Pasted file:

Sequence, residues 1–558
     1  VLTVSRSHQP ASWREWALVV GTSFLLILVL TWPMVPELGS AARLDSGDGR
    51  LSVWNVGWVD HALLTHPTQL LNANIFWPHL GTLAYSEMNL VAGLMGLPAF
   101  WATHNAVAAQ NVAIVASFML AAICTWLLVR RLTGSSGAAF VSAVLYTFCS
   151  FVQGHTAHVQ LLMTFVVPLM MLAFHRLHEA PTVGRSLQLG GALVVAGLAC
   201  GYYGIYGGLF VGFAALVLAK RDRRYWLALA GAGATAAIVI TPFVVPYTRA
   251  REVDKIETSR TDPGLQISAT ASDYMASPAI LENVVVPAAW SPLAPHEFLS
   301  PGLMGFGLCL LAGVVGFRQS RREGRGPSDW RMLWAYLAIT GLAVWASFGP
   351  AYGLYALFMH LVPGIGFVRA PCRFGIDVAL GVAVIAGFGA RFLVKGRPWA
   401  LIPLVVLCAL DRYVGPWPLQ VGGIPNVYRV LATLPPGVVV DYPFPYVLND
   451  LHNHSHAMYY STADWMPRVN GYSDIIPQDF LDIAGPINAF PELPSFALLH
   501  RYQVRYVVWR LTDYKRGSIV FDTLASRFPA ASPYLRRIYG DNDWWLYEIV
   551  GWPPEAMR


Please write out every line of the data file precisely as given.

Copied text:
Sequence, residues 1–558
     1  VLTVSRSHQP ASWREWALVV GTSFLLILVL TWPMVPELGS AARLDSGDGR
    51  LSVWNVGWVD HALLTHPTQL LNANIFWPHL GTLAYSEMNL VAGLMGLPAF
   101  WATHNAVAAQ NVAIVASFML AAICTWLLVR RLTGSSGAAF VSAVLYTFCS
   151  FVQGHTAHVQ LLMTFVVPLM MLAFHRLHEA PTVGRSLQLG GALVVAGLAC
   201  GYYGIYGGLF VGFAALVLAK RDRRYWLALA GAGATAAIVI TPFVVPYTRA
   251  REVDKIETSR TDPGLQISAT ASDYMASPAI LENVVVPAAW SPLAPHEFLS
   301  PGLMGFGLCL LAGVVGFRQS RREGRGPSDW RMLWAYLAIT GLAVWASFGP
   351  AYGLYALFMH LVPGIGFVRA PCRFGIDVAL GVAVIAGFGA RFLVKGRPWA
   401  LIPLVVLCAL DRYVGPWPLQ VGGIPNVYRV LATLPPGVVV DYPFPYVLND
   451  LHNHSHAMYY STADWMPRVN GYSDIIPQDF LDIAGPINAF PELPSFALLH
   501  RYQVRYVVWR LTDYKRGSIV FDTLASRFPA ASPYLRRIYG DNDWWLYEIV
   551  GWPPEAMR